‘Black Widow’ A new flash fiction

Third, and I think last, in my series of stories inspired by my recent trip to Andalucia is ‘Black Widow’. The idea for this one originated in a visit to one of the region’s famous ‘white towns’.

Casares, Andalucia

An Andalucian ‘white’ village.

These beautiful places, seemingly clinging to the rock itself, are scattered across the steep hillsides, shining like beacons in the sunlight. Definately worth the effort if you are ever in the area. Please feel free to comment at the end.

Black Widow

The first crack appeared in Señora Alvirez’s monochrome existence during her daily visit to the village mini-market. Entering innocently under cover of her black umbrella during an unseasonable downpour, she caught the tail end of a conversation about the recently- deceased Señora Fernandez.

‘Of course,’ said the girl behind the counter, ‘you know she was Señor Alvirez’s lover for years.’

So engrossed in their gossiping were the women that Señora Alvirez managed to steal away from the shop unnoticed.

‘That Puta,’ she muttered, making her way carefully down the rain-soaked cobbles towards the Iglesia, ‘and to think I lit a votive for her salvation just this morning.’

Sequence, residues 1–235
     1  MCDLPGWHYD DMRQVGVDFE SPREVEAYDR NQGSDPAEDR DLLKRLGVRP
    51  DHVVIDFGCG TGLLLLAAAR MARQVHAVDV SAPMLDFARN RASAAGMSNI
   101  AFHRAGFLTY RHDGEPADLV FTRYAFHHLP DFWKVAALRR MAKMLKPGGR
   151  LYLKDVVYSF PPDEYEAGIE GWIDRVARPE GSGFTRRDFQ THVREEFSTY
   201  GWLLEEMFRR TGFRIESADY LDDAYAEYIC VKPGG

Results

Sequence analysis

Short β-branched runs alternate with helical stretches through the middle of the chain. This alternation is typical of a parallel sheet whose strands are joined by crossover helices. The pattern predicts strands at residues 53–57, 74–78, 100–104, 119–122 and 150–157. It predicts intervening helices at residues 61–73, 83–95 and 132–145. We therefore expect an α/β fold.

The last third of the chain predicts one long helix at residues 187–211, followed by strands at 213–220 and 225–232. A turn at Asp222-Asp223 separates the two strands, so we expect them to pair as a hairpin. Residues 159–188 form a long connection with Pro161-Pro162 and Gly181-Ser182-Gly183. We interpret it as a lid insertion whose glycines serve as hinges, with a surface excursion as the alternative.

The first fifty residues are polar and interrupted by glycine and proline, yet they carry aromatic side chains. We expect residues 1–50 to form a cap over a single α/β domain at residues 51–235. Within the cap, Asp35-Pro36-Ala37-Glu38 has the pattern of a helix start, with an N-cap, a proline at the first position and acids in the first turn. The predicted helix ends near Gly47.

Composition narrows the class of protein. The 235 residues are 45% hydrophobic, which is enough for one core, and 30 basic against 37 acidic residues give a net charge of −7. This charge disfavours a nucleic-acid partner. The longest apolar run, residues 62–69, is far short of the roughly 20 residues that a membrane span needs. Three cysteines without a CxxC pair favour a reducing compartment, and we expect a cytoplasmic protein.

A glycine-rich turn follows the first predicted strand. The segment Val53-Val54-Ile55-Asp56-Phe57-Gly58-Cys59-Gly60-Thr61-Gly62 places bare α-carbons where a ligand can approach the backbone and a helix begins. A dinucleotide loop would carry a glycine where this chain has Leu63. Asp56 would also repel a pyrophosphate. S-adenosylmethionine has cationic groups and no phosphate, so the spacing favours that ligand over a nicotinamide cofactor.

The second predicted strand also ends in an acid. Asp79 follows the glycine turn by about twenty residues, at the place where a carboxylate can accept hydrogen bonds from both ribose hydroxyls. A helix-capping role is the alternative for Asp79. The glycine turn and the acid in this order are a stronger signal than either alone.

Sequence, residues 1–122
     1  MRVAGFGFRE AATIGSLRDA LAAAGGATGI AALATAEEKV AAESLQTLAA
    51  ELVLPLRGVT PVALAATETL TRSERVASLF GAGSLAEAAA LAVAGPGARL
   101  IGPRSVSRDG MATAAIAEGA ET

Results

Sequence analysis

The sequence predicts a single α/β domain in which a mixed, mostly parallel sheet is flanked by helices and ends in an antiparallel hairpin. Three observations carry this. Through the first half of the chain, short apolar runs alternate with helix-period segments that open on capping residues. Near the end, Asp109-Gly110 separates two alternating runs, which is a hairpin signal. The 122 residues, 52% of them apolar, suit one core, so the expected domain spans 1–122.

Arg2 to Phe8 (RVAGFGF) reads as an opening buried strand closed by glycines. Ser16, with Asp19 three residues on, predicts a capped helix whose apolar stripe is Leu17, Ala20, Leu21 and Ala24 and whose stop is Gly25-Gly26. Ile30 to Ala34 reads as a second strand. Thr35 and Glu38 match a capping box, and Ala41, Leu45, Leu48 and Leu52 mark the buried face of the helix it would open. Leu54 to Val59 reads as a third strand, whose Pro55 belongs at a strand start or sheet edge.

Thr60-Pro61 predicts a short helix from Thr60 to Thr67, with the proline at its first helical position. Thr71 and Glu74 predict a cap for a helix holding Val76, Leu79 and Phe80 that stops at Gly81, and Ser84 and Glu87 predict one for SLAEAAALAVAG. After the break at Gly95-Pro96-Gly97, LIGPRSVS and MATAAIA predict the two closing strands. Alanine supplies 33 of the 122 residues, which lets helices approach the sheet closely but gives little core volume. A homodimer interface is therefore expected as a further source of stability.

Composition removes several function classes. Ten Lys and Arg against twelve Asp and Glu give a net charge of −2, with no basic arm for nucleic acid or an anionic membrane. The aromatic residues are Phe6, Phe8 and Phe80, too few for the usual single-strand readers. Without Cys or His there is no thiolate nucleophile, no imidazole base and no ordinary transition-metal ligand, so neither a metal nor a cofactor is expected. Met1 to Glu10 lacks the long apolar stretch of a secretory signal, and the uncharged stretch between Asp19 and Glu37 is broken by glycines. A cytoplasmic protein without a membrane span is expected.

Señora Alvirez entered the church quietly, but found herself alone with Santa Maria who was perched, as always, above the altar, surveying her peaceful domain.

‘You’d better look away,’ whispered the widow to the icon, before approaching the votive stand and blowing out her recently-lit candle. ‘That’s one soul who’s getting no more help from me.’

Stepping out of the church, Señora Alvirez shielded her eyes against the searing whitewash of the village, now pulsating again with the sun’s full force. She gave her retinas a moment to readjust before making her way back up through the winding streets to her house, where she was greeted by her neighbour, Señora Montero, sitting, as usual, in her doorway.